Nancy O'Toole's Reviews > Textual Healing

Textual Healing by Eric  Smith
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Jan 04, 11

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bookshelves: contemporary-fiction, humor
Read from December 29, 2010 to January 02, 2011

Andrew Connor's life has been better. Once a celebrated writer, he now finds his one book located on the discount shelves at his local Barns and Noble. He spends his time running a struggling used bookstore located across the street from a flower-shop-owning ninja. When his girlfriend breaks up with him, it seems like the last straw. Then he meets Hannah, a friendly woman from the Midwest who changes his life in just a week.

Apparently, I was very lucky the last half of December, because I won not one, but TWO books in online giveaways. One of these books was Textual Healing by Eric Smith (thanks to Goodread's first reads), a quirky romantic comedy. I love how Smith plays with rom-com stereotypes, putting his own spin on the genre. I found Andrew, despite his hapless nature, to be a likeable lead. I enjoyed the colorful cast of side characters, especially the ninja from across the street, and the two college students that work at Andrew's bookstore. I thought the romantic element worked well, despite the fact that it was a little cliché (free spirited young woman helps revitalize male protagonist's ho-hum life? I think I've read this one before). Where the novel succeeds the most is when it comes to comedy. I found myself cracking up several times while reading it.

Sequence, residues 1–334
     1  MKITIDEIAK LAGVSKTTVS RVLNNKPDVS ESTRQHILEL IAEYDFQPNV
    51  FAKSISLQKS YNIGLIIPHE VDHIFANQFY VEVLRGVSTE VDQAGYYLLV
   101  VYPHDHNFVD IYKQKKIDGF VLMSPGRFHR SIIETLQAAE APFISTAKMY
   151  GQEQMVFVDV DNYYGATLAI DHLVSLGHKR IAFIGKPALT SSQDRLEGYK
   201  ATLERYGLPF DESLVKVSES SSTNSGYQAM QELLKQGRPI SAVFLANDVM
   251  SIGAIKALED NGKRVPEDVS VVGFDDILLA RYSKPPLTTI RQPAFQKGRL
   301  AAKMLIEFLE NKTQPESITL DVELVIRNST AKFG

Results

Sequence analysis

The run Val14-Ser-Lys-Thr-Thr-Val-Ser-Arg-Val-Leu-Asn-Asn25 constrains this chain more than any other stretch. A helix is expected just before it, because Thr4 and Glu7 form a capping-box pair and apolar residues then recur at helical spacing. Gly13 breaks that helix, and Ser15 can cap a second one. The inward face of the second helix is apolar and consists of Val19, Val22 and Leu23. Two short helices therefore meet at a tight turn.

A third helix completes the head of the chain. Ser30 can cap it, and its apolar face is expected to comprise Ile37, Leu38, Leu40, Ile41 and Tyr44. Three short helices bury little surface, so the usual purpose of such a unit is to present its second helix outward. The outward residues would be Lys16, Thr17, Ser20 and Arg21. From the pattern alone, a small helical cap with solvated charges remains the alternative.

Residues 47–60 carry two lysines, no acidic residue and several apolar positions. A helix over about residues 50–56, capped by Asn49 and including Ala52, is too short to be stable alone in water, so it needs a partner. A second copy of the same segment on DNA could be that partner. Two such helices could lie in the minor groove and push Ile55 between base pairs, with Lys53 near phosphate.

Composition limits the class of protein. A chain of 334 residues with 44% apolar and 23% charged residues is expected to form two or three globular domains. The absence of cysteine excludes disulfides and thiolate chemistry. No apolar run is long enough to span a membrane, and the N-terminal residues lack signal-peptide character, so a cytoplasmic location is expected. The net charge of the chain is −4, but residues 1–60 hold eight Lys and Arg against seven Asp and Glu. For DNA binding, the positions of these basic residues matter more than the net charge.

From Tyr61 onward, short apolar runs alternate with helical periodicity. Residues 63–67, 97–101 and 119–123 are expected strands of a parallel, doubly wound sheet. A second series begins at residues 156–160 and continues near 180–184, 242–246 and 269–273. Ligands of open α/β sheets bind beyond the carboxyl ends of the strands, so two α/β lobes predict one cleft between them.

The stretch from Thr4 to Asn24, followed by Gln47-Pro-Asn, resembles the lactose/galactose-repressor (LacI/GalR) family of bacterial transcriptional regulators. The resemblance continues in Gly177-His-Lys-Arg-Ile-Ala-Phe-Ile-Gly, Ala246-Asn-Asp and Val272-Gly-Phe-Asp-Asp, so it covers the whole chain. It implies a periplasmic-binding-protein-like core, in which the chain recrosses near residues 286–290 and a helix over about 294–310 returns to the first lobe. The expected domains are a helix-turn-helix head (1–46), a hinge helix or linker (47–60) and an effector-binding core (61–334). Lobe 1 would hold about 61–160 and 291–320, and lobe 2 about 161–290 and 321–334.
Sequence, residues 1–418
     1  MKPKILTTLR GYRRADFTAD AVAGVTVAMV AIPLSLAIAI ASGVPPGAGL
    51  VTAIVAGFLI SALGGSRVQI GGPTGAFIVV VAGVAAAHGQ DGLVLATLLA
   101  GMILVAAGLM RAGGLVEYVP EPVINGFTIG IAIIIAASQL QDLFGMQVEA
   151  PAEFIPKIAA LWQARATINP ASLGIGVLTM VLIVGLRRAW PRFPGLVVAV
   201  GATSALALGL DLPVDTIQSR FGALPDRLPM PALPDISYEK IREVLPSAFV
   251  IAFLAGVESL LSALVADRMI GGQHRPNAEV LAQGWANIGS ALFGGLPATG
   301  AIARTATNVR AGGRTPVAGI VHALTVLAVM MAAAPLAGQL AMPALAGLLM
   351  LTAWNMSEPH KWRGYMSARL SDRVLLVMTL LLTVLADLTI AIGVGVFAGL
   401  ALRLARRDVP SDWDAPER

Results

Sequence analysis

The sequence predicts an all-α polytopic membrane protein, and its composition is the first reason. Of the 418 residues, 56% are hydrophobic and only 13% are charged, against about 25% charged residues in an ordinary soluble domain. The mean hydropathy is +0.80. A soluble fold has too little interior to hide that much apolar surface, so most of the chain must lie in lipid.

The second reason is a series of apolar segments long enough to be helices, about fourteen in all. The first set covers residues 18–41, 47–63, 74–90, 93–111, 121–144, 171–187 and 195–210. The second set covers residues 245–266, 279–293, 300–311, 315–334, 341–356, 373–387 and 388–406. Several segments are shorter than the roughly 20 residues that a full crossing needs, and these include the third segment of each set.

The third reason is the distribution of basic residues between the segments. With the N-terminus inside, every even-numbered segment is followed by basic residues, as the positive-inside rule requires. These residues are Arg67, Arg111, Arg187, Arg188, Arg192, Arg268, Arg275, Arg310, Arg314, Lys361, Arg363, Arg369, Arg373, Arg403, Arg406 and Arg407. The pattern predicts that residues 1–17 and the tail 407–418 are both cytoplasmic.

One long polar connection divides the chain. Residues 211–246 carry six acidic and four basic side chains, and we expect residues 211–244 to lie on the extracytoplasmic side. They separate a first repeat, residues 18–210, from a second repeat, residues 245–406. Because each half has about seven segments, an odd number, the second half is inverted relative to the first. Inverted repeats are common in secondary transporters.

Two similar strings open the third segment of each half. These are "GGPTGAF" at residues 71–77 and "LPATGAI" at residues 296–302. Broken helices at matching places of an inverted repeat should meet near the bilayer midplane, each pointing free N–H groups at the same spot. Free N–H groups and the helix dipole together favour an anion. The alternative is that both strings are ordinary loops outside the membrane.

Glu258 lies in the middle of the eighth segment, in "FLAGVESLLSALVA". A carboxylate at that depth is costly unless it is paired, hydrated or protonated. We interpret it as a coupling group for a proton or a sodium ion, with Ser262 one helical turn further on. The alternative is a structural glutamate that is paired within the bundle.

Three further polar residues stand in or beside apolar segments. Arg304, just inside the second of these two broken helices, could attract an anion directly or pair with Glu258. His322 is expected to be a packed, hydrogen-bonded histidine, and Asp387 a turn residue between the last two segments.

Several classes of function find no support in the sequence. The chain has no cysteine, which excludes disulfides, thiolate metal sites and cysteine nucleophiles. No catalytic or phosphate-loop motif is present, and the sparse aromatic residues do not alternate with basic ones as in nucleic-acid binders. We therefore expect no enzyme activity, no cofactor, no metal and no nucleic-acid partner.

Admittedly, there are some areas were Textual Healing does come up a little short. The first one is kind of surprising. There are quite a few grammatical and punctuation related errors in this little book. Smith really seems to struggle with tense (I can relate). While reading, I noticed the book would switch back and forth between past and present tense constantly, often in the same paragraph. At first, I found this really distracting. It's not something you'd expect to find in a printed work. As I got more into the story, I began to notice these errors less frequently. I also found that at times, the writing felt a little awkward or cheesy, taking me out of my enjoyment of the book. This isn't something unheard of for debut novels, so I'm going to give Smith a break here. Also, as mentioned before, the novel sometimes felt a little cliché.

Textual Healing was a very fun read. Smith's first novel shows that he has a good hand for crafting likable characters, great comedy, and a pleasant romance. I suspect that as he grows as a writer, many of the issues I had with this book will be resolved. I'm happy that I read Textual Healing, despite the fact that it's a little out of my comfort zone.
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Reading Progress

12/29/2010 page 132
47.0% "Funny book. Only thing holding it back is the grammatical errors."
01/01/2011 page 280
100.0% "Just finished this one. Review coming soon!"

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